Three Months Ended
 
Six Months Ended
 
December 31, 2016
 
December 26, 2015
 
December 31, 2016
 
December 26, 2015
 
(Thousands)
Service cost
$
152

 
$
122

 
$
324

 
$
244

Interest cost
1

 
11

 
2

 
21

Net periodic pension costs
$
153

 
$
133

 
$
326

 
$
265

We made benefit payments under the Japan Plan of $0.1 million and $0.2 million during the three and six months ended December 31, 2016 , respectively, and zero and $0.1 million during the three and six months ended December 26, 2015 , respectively.
U.K. Defined Contribution Pension Scheme
Under the defined contribution pension scheme, contributions totaled $0.3 million and $0.5 million for the three and six months ended December 31, 2016 , respectively, and $0.3 million and $0.6 million for the three and six months ended December 26, 2015 , respectively.

NOTE 7. COMMITMENTS AND CONTINGENCIES
Loss Contingencies
We are involved in various lawsuits, claims, and proceedings that arise in the ordinary course of business. We record a loss provision when we believe it is both probable that a liability has been incurred and the amount can be reasonably estimated.
Guarantees
We indemnify our directors and certain employees as permitted by law, and have entered into indemnification agreements with our directors and executive officers. We have not recorded a liability associated with these indemnification arrangements, as we historically have not incurred any material costs associated with such indemnification obligations. Costs associated with such indemnification obligations may be mitigated by insurance coverage that we maintain, however, such insurance may not cover any, or may cover only a portion of, the amounts we may be required to pay. In addition, we may not be able to maintain such insurance coverage in the future.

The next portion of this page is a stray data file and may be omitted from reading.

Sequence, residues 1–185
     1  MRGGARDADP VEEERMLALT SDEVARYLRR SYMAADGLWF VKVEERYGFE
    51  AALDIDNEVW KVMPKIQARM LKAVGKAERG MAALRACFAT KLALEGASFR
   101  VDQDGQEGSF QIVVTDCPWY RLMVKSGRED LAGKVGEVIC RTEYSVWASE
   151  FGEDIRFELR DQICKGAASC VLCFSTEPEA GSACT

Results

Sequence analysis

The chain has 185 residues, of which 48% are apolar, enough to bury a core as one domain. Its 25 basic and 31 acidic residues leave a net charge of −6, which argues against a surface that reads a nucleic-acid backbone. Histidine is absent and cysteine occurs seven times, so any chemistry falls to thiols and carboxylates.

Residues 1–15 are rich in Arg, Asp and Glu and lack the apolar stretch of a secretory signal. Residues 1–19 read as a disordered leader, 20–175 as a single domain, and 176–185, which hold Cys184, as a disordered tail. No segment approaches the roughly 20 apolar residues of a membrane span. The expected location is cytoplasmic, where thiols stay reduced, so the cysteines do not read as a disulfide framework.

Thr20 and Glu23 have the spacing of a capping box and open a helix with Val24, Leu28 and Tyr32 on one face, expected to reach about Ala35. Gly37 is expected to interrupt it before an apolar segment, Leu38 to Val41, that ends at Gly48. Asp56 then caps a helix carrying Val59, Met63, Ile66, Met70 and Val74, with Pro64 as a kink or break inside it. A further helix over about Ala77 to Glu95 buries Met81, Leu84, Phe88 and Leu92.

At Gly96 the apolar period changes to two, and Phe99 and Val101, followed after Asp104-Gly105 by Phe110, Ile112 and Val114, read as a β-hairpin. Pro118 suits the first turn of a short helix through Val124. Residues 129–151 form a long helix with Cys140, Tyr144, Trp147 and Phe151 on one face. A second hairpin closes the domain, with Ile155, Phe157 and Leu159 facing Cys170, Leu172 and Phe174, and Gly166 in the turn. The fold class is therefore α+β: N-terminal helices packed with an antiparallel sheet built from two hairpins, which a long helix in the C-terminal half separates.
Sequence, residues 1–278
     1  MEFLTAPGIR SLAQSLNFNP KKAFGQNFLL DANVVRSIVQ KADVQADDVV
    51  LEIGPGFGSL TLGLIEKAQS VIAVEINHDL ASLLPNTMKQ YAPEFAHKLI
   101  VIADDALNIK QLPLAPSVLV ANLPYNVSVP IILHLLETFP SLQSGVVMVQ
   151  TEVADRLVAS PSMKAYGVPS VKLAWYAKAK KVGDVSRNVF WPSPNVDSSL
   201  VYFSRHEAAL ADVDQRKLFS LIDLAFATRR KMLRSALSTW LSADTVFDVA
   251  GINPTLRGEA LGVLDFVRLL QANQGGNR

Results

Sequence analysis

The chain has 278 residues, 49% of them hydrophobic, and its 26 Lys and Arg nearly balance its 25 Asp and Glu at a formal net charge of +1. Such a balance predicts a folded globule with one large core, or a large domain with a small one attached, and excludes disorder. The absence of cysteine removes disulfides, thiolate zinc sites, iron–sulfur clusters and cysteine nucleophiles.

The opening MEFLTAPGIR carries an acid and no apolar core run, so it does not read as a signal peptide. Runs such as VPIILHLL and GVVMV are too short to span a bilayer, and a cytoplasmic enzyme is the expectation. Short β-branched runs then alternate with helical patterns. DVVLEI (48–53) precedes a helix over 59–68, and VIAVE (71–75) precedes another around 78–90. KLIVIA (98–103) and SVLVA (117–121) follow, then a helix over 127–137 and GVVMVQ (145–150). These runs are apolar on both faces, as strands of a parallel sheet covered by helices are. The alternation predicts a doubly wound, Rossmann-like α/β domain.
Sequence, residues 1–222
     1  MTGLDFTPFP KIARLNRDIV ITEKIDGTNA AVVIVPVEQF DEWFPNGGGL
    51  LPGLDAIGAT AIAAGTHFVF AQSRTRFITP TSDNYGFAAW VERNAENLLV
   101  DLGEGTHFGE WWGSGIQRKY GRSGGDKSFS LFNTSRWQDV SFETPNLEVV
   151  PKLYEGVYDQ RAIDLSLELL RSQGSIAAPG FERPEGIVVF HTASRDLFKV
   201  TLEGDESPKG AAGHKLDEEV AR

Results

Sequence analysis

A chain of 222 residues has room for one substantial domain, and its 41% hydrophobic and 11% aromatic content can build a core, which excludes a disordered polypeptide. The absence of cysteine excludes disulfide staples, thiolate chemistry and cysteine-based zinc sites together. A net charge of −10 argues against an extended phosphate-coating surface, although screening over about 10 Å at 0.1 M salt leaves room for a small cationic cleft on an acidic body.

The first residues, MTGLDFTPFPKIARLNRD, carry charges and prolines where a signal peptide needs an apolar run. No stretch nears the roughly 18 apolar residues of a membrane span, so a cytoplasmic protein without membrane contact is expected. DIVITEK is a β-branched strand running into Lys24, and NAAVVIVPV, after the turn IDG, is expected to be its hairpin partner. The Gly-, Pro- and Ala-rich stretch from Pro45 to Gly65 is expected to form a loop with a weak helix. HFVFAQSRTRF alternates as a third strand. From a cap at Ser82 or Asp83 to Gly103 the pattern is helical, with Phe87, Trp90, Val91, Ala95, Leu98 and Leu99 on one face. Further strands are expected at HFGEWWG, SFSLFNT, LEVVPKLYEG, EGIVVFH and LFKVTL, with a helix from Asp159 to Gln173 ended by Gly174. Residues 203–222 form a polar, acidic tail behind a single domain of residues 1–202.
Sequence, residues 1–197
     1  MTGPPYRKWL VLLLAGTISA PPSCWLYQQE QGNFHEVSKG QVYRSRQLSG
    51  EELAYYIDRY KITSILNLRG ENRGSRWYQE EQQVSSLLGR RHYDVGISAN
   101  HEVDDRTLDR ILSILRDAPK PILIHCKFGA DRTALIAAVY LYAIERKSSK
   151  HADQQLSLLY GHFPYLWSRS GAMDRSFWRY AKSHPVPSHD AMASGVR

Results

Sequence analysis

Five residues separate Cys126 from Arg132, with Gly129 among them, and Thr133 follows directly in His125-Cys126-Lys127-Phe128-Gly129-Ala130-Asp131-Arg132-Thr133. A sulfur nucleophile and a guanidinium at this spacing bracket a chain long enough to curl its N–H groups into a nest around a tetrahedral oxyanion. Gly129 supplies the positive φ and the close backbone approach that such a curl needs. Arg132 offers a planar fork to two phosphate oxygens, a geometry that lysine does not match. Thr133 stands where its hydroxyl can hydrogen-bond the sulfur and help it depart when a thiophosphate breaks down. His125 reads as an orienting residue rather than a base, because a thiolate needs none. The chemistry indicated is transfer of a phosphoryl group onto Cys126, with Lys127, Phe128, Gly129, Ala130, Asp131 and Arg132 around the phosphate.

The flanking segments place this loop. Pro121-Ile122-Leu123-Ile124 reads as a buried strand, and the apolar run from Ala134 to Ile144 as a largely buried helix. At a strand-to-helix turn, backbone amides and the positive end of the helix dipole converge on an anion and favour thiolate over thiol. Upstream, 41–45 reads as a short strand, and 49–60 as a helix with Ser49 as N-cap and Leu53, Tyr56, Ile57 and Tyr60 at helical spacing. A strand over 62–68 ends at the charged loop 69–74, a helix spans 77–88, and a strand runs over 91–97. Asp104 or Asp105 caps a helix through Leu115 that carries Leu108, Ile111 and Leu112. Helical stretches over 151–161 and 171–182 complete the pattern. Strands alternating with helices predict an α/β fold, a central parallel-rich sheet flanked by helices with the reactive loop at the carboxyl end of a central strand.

13


We also have indemnification clauses in various contracts that we enter into in the normal course of business, such as indemnifications in favor of customers in respect of liabilities they may incur as a result of purchasing our products should such products infringe the intellectual property rights of a third party. We have not historically paid out any material amounts related to these indemnifications; therefore, no accrual has been made for these indemnifications.
Warranty Accrual
We generally provide a warranty for our products for twelve months to thirty-six months from the date of sale, although warranties for certain of our products may be longer. We accrue for the estimated costs to provide warranty services at the time revenue is recognized. Our estimate of costs to service our warranty obligations is based on historical experience and expectation of future conditions. To the extent we experience increased warranty claim activity or increased costs associated with servicing those claims, our warranty costs would increase, resulting in a decrease in gross profit.
The following table summarizes movements in the warranty accrual for the periods indicated:
 
Three Months Ended
 
Six Months Ended
 
December 31, 2016
 
December 26, 2015
 
December 31, 2016
 
December 26, 2015
 
(Thousands)
Warranty provision—beginning of period